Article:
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TOE TIG Week: Lessons in Grace by Tamara Walser

Hi, this is Tamara Walser. I am a professor at the University of North Carolina Wilmington where I coordinate our Evaluation Programs and teach graduate courses in evaluation and inquiry methods. In September 2018, Hurricane Florence made landfall in the coastal community where I live and work. My university closed for an entire month. When we re-opened I realized how unprepared I was for teaching in the aftermath of a natural disaster. The routines, procedures, and pedagogy I had become comfortable with did not serve my students or me well. As a result, I changed. I began to engage grace in teaching and learning, with new intention. My growth in grace continues as we weather a pandemic, racial reckoning, and social and political divisiveness. It is ongoing work for me.

What is grace? Grace is both action and disposition. It is an act of kind assistance, giving honor and dignity, giving thanks. It is compassion, a benign attitude and willingness. Importantly, it is unconditional—Grace is not something one must earn or return.

Rain is grace; rain is the sky descending to the earth; without rain, there would be no life.

–John Updike

I view evaluation as learning, so my teaching and evaluation philosophies overlap and continue to evolve with my growth in grace. I share a few lessons in grace below. What lessons have you learned about grace in teaching…and in evaluation?

I do not at all understand the mystery of grace—only that it meets us where we are but does not leave us where it found us.

–Anne Lamott, Traveling Mercies: Some Thoughts on Faith

Lessons Learned:

Grace in Teaching Is:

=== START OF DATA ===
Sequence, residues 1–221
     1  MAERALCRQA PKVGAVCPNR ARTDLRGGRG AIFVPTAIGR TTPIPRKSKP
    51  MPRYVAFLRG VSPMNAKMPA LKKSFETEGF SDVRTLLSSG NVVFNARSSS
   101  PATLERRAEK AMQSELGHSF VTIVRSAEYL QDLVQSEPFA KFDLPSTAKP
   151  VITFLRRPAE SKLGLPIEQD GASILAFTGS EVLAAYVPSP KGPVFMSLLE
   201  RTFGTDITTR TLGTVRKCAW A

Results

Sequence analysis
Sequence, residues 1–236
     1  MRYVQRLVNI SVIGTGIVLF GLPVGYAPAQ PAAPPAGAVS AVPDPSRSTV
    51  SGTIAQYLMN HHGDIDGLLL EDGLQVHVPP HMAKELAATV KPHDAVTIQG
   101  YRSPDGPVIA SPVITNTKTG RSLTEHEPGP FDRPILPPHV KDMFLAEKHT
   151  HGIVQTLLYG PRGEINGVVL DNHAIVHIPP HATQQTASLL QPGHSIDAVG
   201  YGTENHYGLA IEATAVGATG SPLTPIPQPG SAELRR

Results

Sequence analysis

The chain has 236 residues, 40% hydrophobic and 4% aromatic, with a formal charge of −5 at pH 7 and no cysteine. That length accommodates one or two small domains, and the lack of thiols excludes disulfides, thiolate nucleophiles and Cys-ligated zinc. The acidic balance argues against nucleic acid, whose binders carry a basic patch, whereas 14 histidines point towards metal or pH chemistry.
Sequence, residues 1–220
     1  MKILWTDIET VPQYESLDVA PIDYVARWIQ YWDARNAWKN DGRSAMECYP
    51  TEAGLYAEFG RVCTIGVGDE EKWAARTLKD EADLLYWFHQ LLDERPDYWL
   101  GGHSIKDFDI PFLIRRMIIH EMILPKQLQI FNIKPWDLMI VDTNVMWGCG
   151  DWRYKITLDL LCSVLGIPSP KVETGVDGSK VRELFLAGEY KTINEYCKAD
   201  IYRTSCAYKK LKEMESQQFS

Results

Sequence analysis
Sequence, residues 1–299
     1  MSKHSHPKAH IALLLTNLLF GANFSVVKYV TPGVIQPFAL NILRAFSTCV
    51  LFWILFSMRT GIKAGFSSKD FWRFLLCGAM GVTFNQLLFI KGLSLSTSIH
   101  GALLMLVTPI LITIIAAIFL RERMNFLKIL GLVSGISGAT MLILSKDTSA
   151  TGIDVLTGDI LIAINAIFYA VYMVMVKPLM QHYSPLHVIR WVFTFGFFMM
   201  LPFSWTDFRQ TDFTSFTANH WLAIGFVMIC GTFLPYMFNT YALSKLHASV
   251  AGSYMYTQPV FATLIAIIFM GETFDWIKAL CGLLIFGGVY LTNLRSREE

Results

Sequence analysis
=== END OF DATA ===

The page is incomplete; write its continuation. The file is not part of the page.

• Responsible: Good evaluation practice includes clear, timely, credible findings and communication, along with commitment to evaluation use. Similarly, treating students with compassion, honor, dignity, and gratitude is built on honest feedback and shared responsibility for learning. This has been a hard lesson in grace for me. Lowering expectations and responsibility can be a quick fix, but it is far from grace. Instead, I focus on lightening load. This can range from flexibility with due dates, to decluttering my course, to counseling a student to withdraw from my class.

I think, to be your best thing is to be exactly who you are, as you are, in any given moment. To forgive yourself a thousand times a day and live in a perpetual state of grace.

–Jessica J. Williams, in an interview by The San Diego-Union Tribune

The American Evaluation Association is celebrating TOE TIG Week with our colleagues in the Teaching of Evaluation Topical Interest Group. The contributions all this week to aea365 come from our TOE TIG members. Do you have questions, concerns, kudos, or content to extend this aea365 contribution? Please add them in the comments section for this post on the aea365 webpage so that we may enrich our community of practice. Would you like to submit an aea365 Tip? Please send a note of interest to aea365@eval.org. aea365 is sponsored by the American Evaluation Association and provides a Tip-a-Day by and for evaluators. The views and opinions expressed on the AEA365 blog are solely those of the original authors and other contributors. These views and opinions do not necessarily represent those of the American Evaluation Association, and/or any/all contributors to this site.